What is Sertraline?
Sertraline is a selective serotonin reuptake inhibitor (SSRI), which is a class of drugs that also includes Prozac and Paxil. SSRI increases the amount of serotonin in the brain. Serotonin is a neurotransmitter responsible for sending signals between brain cells, in particular, signals associated with positive emotions. The chemical thus is vital to determining your mood and overall emotional state.
What does Sertraline do?
Sertraline has been on the market since 1991 and at first, was sold by Pfizer as Zoloft, but today generic versions are widely available. The drug is one of the most commonly prescribed antidepressants in the United States and elsewhere. It is prescribed to treat depression, panic attacks, social anxiety, obsessive-compulsive disorder (OCD), and post-traumatic stress. In the United States alone there are over 35 million annual prescriptions.
Sertraline also is prescribed as a low-dose ad-hoc treatment for premature ejaculation. When taken 4-8 hours prior to sexual activity it helps with delaying ejaculation, making sex more enjoyable for men who suffer from premature ejaculation.
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Can Sertraline (Zoloft) cause headaches?
Yes, headaches are one of the possible side effects of sertraline. But they usually are limited to the first few weeks of treatment. Once sertraline concentrations in your body have found a stable level, these headaches tend to disappear. Similarly, you may experience headaches after you discontinue sertraline. These headaches also stop occurring after a few weeks. If headaches persist for longer or become more painful — either at the start or end of treatment — it’s recommended to see a doctor.
Even when used only occasionally and in small doses, such as for treating premature ejaculation, sertraline can still cause headaches.
What pain reliever can I take with Sertraline (Zoloft)?
Paracetamol is the safest choice, as there are no major interactions with sertraline. Paracetamol is an OTC drug and widely available. The most famous trade names are Tylenol and Panadol. It’s well tolerated by the body, but should not be taken by people who have liver problems.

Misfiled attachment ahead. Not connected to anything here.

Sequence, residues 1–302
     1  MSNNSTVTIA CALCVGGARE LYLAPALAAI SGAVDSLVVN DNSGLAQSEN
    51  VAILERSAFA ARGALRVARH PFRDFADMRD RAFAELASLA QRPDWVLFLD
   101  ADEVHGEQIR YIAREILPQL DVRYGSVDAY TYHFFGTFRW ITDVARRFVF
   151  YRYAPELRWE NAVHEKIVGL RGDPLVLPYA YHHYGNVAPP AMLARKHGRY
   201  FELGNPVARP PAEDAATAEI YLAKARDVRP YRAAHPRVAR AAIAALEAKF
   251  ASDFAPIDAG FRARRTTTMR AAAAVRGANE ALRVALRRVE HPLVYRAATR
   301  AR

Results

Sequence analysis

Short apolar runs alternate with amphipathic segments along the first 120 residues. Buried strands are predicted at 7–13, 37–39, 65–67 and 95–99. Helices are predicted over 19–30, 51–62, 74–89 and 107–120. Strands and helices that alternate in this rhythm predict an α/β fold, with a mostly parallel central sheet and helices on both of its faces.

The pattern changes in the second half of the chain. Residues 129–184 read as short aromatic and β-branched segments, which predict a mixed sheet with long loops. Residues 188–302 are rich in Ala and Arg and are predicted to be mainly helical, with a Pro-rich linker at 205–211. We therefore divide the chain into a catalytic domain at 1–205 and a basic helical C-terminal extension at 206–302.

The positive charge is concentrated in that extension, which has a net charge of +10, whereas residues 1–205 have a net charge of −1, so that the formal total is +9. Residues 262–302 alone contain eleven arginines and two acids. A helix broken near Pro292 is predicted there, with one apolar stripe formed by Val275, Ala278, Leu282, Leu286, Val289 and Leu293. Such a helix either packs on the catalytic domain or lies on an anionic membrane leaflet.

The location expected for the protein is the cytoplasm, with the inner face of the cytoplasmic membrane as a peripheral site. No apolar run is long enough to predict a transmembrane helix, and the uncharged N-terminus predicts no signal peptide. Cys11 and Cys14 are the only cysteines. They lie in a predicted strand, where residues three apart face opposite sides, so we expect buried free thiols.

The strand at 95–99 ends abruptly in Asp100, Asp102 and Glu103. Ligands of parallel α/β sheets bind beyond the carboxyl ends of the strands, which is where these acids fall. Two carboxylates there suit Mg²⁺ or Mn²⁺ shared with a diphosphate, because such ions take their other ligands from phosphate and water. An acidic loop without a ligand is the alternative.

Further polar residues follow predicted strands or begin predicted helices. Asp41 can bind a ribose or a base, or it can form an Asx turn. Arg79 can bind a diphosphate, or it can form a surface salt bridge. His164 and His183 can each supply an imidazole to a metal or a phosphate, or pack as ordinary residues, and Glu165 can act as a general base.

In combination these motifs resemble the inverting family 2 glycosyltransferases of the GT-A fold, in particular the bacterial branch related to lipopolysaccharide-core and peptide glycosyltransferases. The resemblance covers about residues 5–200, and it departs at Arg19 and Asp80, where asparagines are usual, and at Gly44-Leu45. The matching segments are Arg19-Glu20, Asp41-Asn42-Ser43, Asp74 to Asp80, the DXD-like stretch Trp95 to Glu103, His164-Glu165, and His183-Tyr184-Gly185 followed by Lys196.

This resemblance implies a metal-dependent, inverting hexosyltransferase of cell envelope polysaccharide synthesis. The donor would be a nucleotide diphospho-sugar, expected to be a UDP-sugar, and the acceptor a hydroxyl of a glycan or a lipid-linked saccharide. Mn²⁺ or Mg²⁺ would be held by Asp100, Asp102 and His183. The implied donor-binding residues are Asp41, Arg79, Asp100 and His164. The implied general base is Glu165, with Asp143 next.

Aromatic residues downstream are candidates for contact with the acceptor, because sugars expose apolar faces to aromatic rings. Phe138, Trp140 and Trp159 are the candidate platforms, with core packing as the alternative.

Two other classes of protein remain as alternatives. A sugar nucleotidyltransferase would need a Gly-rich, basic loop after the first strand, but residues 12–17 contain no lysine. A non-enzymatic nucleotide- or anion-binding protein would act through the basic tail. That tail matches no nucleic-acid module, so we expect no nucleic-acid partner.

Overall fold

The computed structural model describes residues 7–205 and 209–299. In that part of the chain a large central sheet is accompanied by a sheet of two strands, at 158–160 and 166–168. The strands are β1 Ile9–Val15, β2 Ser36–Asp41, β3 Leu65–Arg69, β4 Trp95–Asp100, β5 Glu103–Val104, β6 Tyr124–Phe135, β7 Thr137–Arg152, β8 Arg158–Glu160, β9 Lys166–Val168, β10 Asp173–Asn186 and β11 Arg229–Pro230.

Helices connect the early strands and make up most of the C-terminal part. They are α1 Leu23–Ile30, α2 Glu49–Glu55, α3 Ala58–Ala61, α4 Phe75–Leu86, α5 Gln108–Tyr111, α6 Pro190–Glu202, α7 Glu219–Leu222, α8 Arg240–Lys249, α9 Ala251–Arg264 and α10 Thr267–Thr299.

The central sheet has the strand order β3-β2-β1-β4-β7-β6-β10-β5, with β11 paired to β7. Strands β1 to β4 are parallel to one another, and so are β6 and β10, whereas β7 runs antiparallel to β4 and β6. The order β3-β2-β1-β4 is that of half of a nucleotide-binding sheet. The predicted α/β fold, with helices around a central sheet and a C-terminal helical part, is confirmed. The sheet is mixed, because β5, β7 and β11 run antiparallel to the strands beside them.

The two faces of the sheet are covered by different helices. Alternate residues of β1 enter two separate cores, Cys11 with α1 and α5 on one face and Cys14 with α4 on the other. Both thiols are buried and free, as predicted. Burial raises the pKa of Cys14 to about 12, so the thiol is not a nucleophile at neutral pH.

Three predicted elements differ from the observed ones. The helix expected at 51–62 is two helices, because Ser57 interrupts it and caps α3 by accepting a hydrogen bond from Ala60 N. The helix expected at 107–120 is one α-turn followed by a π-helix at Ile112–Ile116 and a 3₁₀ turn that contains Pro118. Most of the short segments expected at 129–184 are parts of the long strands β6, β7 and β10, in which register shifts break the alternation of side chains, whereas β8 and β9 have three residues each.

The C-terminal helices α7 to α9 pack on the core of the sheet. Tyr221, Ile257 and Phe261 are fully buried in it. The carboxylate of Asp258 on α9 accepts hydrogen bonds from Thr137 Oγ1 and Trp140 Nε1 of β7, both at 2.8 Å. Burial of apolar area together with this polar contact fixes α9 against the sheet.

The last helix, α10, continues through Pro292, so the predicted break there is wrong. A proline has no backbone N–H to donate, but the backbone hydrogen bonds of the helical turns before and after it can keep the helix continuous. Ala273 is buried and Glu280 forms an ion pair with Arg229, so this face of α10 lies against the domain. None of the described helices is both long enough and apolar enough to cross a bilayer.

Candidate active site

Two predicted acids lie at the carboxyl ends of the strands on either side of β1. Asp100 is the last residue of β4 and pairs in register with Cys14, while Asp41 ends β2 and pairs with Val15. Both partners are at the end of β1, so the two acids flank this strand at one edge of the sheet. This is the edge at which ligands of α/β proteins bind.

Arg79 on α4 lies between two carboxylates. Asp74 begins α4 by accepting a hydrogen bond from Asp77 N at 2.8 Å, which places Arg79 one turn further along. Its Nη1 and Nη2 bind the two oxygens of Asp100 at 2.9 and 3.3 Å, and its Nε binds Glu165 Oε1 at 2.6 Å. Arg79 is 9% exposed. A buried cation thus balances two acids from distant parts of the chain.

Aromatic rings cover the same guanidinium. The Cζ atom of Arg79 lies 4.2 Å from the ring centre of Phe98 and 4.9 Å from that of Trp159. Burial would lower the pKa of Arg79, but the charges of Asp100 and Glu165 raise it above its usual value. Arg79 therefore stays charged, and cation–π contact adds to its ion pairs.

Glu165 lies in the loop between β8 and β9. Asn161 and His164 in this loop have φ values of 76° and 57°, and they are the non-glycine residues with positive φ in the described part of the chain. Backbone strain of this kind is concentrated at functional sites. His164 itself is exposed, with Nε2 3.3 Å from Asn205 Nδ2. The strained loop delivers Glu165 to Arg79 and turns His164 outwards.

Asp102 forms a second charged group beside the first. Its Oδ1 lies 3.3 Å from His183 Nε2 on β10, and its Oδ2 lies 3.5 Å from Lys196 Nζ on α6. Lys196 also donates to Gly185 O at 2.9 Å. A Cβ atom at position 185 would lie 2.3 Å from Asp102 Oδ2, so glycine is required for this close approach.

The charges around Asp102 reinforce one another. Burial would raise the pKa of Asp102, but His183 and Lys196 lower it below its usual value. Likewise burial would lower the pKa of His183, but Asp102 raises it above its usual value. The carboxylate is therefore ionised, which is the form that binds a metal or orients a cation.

Aspirin, ibuprofen (Advil, Motrin), and naproxen (Aleve) — all three drugs belong to the same family of nonsteroidal anti-inflammatory drugs (NSAIDs) — are not suitable for use with sertraline, since studies have shown that this combination of drugs can cause gastrointestinal bleeding as well as brain hemorrhage. To be fair though, the risks are minimal. For example, the risk of brain hemorrhage was found to be only 0.5 percent.
However, paracetamol will alleviate most headaches and even migraines, so there’s no pressing need to use NSAIDs, unless you suffer from liver issues or paracetamol intolerance. Should you experience severe a headache that no painkiller seems to be able to stop, see a doctor for help, as the headache could be a symptom of another more serious issue.
- Shin, Ju-Young, et al. “Risk of Intracranial Haemorrhage in Antidepressant Users with Concurrent Use of Non-Steroidal Anti-Inflammatory Drugs: Nationwide Propensity Score Matched Study.” BMJ, 14 July 2015, p. h3517, www.bmj.com/content/351/bmj.h3517.abstract, https://doi.org/10.1136/bmj.h3517. Accessed 12 Dec. 2019.
- De Jong, Jeroen C. F., et al. “Combined Use of SSRIs and NSAIDs Increases the Risk of Gastrointestinal Adverse Effects.” British Journal of Clinical Pharmacology, vol. 55, no. 6, 12 May 2003, pp. 591–595, https://doi.org/10.1046/j.0306-5251.2002.01770.x. Accessed 12 Dec. 2019.